• Aerodynamic design: Added winglets produce 2.5% more efficiency in drag as well as wing and tail improvements.
  • More efficient engines: More efficient aircraft engines were developed by Pratt & Whitney, GE and Rolls Royce.   New engine types resulted in greater thrust as less fuel usage and longer range.

The table below highlights how these improvements directly related to a longer range and more efficient aircraft.  To make things apples to apples, I’ve chosen versions that were the best of each aircraft type.

DC-10-30

MD-11 ER

Cockpit Crew

3

2

Passengers (3-class)

255

293

Passengers (2-class)

285

323

Maximum Range (full load)

6,600 mi

7,240 mi

Maximum Cruise Speed

Mach 0.88

Mach 0.88

Maximum Takeoff Weight

572,000 lbs

630,500 lbs

Maximum Fuel

36,650 gallons

38, 615 gallons

Engines  – Thrust

PW4462 – 62,000 lbf

PW JT9D-59A – 53,000 lbf

Fuselage Length

170 ft

192 ft

Wingspan

165 ft

169 ft

So, what we have is a longer range aircraft that is capable of carrying more passengers with less crew and a state-of-the-art cockpit.

If you want to catch a ride on one of these “Mighty Dogs” after KLM retires their 9 remaining aircraft, short of buying your own, you’ll have to fly on a charter flight or ship yourself via Fedex, UPS, Eva Cargo or Lufthansa Cargo.

Ah, flying how it used to be. Although a fun commercial with a great cast of airplanes, I feel it overly beautifies the earlier years of air travel. Sure, it was a big deal at the time since it was so costly and it was still new, but even comparing to 1984’s standards it would have been a bad experience for most people.

For aviation nerds, being able to fly on an old United Airlines Ford Tri-Motor would be an amazing experience. However, for most people it would be horrid. Very loud, lots of vibrations, uncomfy seats, and lots of fuel stops between point A and point B. Your coffee might have been served on a silver platter and given a glass of chocolate milk, but that doesn’t make it worth while.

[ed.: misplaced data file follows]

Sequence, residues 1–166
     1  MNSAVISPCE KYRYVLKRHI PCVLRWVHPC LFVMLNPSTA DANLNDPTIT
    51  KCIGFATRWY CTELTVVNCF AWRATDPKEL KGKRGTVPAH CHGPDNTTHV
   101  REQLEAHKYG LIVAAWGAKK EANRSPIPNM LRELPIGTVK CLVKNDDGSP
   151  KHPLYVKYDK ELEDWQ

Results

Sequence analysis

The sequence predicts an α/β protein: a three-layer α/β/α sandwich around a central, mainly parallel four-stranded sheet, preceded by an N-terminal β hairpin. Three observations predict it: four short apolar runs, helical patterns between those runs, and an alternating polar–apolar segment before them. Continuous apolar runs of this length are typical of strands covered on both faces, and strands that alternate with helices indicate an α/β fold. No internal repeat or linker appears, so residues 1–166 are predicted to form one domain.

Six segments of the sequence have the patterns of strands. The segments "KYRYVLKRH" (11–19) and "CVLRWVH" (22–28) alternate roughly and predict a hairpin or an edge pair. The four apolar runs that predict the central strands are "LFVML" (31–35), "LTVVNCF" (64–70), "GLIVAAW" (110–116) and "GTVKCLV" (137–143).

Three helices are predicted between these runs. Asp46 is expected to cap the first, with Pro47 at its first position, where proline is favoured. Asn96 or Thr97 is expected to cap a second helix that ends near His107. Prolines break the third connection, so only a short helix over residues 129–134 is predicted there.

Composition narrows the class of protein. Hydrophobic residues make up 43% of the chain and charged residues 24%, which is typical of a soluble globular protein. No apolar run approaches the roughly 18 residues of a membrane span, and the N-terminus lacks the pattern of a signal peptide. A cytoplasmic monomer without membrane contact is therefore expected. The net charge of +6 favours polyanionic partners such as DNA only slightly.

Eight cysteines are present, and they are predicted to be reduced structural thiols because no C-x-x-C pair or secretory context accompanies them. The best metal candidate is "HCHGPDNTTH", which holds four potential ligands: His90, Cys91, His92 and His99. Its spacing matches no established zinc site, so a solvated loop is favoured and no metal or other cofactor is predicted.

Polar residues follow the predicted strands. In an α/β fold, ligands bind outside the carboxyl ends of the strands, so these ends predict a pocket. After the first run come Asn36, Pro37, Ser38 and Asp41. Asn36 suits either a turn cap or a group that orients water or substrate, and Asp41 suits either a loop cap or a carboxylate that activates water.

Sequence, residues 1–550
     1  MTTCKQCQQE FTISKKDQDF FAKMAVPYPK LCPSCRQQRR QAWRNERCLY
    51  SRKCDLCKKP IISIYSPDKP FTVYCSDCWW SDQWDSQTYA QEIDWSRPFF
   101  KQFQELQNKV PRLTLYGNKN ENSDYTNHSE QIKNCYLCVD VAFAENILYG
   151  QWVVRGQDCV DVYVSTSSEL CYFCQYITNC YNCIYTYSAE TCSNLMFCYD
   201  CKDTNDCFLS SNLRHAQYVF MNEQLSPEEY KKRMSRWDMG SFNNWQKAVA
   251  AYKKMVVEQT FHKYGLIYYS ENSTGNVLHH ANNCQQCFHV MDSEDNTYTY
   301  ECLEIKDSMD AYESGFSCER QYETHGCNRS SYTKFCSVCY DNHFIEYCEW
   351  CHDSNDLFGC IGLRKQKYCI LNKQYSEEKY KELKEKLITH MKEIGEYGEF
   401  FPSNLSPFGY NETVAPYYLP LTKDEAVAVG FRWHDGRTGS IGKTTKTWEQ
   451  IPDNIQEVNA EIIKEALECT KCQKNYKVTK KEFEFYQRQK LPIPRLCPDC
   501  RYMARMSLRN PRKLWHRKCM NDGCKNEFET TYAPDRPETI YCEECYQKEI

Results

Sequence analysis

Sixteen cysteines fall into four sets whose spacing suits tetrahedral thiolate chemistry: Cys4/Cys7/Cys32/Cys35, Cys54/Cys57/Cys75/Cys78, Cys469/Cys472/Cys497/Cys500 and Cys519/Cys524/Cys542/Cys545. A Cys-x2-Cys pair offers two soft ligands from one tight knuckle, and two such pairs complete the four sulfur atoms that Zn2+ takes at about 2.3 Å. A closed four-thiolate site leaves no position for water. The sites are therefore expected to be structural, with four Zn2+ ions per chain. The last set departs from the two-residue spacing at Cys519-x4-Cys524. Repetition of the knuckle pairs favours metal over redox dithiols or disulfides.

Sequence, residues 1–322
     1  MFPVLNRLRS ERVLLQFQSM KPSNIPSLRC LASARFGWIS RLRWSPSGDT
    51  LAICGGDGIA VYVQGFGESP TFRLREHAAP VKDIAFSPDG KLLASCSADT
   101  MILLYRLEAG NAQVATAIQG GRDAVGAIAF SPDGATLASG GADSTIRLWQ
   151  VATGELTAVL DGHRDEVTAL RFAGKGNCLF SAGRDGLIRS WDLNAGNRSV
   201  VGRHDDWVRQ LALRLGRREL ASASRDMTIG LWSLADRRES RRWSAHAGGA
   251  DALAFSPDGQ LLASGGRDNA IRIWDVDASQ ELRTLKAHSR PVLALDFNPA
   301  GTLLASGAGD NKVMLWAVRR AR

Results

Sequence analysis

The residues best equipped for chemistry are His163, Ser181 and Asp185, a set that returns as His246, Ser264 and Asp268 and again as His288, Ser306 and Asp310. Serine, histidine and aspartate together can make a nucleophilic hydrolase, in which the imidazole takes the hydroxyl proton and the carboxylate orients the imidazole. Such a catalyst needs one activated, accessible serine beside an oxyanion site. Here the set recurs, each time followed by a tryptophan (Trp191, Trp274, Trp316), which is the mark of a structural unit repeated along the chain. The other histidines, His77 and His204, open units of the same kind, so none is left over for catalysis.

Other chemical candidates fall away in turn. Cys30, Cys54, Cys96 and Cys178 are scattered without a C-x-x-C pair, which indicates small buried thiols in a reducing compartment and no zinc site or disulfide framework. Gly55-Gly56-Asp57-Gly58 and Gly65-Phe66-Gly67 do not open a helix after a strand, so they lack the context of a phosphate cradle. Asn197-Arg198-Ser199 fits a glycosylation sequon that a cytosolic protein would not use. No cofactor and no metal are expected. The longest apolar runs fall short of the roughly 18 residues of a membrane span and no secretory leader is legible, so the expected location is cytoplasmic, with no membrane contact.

Even with the “now” portion of the video, which takes place in 1984, it is a lot different than it is in 2011. A first class seat on a current United Airlines Boeing 747 is going to be much more comfortable and probably a bit cheaper. Not to mention all that interesting in-flight entertainment available now.

Sorry, I am not trying to harp too much on this video, I really enjoy it. Who can not like a video with a Ford Tri-Motor, Boeing 747-200, DC-10 and DC-8? I think it just supports the idea that flying used to be so much more glamorous, where I think it is just as glamorous or even a bit more than it used to be (not to even mention safer) — it is all about perspective.

What has the room of the Boeing 747-100, but can land at more airports? Well, the DC-10 of course. This 1971 American Airlines shows how the DC-10 had a lounge in first class and economy. Those were the good ‘ol days right? Wonder how much one of those tickets cost from Los Angeles to Chicago. Today you can do it for about $150 each way. Try doing that back in 1971. Either way, enjoy this classic video.